Unlocking liquidity and profitability: key financial ratios decoded


Research question
What is the different type of financials ratios?

Liquidity ratios
Companies use liquidity ratios to measure working capital performance the money available to meet your current, short-term obligations.

Simply put, companies need liquidity to pay their bills. Liquidity ratios measure a company’s capacity to meet its short-term obligations and are a vital indicator of its financial health. Liquidity is different from solvency, which measures a company’s ability to pay all its debts.

There are different forms of liquidity ratio such as:

Current ratio : Current Assets / Current Liabilities

The current ratio measures how a business’s current assets, such as cash, cash equivalents, accounts receivable, and inventories, are used to settle current liabilities such as accounts payable.

Quick ratio (Acid-test ratio): (Current Assets – Inventories – Prepaid Expenses) / Current Liabilities

Also known as the acid-test ratio, the quick ratio measures how a business’s more liquid assets, such as cash, cash equivalents, and accounts receivable can cover current liabilities. This ratio excludes inventories from current assets.

Cash ratio: Cash and cash equivalents / Current Liabilities

The cash ratio measures a business’s ability to use cash and cash equivalent to pay off short-term liabilities. This ratio shows how quickly a company can settle current obligations.
Leverage ratios
Companies often use short and long-term debt to finance business operations. Leverage ratios measure how much debt a company has. The types of leverage ratio to consider are:

Debt ratio: Total Debt / Total Assets

The debt ratio measures the proportion of debt a company has to its total assets. A high debt ratio indicates that a company is highly leveraged.

Debt to equity ratio: Total Debt / Total Equity

The debt-to-equity ratio measures a company’s debt liability compared to shareholders’ equity. This ratio is important for investors because debt obligations often have a higher priority if a company goes bankrupt.

Interest coverage ratio: EBIT / Interest expenses

Companies generally pay interest on corporate debt. The interest coverage ratio shows if a company’s revenue after operating expenses can cover interest liabilities.
Efficiency ratios
Efficiency ratios show how effectively a company uses working capital to generate sales. A fall in efficiency ratio indicates improved profitability. There are several ways to analyse efficiency ratios:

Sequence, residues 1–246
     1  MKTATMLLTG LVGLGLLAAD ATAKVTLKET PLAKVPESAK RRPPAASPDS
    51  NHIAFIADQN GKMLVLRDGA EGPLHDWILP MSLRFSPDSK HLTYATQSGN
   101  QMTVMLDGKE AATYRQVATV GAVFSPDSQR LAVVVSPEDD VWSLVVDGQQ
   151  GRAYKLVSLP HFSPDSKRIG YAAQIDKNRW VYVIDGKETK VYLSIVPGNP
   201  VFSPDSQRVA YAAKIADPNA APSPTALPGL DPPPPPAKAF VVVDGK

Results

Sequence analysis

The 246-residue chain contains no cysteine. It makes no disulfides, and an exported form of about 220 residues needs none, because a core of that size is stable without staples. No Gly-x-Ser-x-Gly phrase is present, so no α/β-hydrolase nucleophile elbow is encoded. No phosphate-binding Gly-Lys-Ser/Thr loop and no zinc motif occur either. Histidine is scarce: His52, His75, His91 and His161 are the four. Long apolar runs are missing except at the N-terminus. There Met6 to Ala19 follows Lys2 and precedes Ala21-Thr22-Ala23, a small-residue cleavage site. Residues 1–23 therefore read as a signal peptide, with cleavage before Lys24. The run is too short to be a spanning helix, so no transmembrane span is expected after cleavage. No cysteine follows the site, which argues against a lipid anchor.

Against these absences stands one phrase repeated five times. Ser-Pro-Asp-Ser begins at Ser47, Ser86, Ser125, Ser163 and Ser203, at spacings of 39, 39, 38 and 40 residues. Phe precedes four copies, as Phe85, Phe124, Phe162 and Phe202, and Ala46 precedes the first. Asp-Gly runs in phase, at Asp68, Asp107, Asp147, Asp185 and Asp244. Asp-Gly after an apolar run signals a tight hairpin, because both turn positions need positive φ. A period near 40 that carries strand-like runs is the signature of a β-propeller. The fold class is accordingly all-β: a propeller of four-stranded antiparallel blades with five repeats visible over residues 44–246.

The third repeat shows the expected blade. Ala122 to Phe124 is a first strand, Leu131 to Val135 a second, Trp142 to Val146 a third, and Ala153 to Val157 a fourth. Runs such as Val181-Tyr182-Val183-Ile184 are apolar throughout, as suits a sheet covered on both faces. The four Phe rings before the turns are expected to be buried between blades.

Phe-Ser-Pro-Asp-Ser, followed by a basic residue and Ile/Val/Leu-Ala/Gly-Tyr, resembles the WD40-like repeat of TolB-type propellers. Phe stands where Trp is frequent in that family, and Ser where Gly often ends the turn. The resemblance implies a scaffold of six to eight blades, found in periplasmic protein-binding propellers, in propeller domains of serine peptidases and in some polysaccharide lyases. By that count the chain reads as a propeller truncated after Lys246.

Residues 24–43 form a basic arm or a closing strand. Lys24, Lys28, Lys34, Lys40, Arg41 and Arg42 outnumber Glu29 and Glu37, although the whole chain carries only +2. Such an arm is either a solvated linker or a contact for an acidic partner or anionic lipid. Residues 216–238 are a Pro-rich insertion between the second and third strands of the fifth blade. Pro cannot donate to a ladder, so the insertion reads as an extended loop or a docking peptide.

Asset turnover ratio: Net sales / Average total assets

Companies use assets to generate sales. The asset turnover ratio measures how much net sales are made from average assets.

Inventory turnover: Cost of goods sold / Average value of inventory

For companies in the manufacturing and production industries with high inventory levels, inventory turnover is an important ratio that measures how often inventory is used and replaced for operations.

Days sales in inventory ratio: Value of Inventory / Cost of goods sold x (no. of days in the period)

Holding inventory for too long may not be efficient. The day sales in inventory ratio calculates how long a business holds inventories before they are converted to finished products or sold to customers.

Payables turnover ratio: Cost of Goods sold (or net credit purchases) / Average Accounts Payable

The payables turnover ratio calculates how quickly a business pays its suppliers and creditors.

Days payables outstanding (DPO): (Average Accounts Payable / Cost of Goods Sold) x Number of Days in Accounting Period (or year)

This ratio shows how many days it takes a company to pay off suppliers and vendors. A lower day’s payables outstanding implies that a business is letting go of cash too quickly and may not be taking advantage of longer credit terms. On the other hand, when the DPO is too high, it means a company delays paying its suppliers, which can lead to disputes.

Receivables turnover ratio: Net credit sales / Average accounts receivable

Accounts receivables are credit sales made to customers. It is important that companies can readily convert account receivables to cash. Slow paying customers reduce a business’s ability to generate cash from their accounts receivable.

The receivables turnover ratio helps companies measure how quickly they turn customers’ invoices into cash. A high receivables turnover ratio shows that a company quickly generates cash from accounts receivables.
Profitability ratios
A business’s profit is calculated as net sales less expenses. Profitability ratios measure how a company generates profits using available resources over a given period. Higher ratio results are often more favourable, but these ratios provide much more information when compared to results of similar companies, the company’s own historical performance, or the industry average. Some of the most common profitability ratios are:

Gross margin: Gross profit / Net sales

The gross margin ratio measures how much profit a business makes after the cost of goods and services compared to net sales.

Operating margin: Operating income / Net sales

The operating margin measures how much profit a company generates from net sales after accounting for the cost of goods sold and operating expenses.

Return on assets (ROA): Net income / Total assets

Companies use the return on assets ratio to determine how much profits they generate from total assets or resources, including current and non-current assets.

Return on equity (ROE): Net income / Total equity

Shareholders’ equity is capital investments. The return on equity measures how much profit a business generates from shareholders’ equity.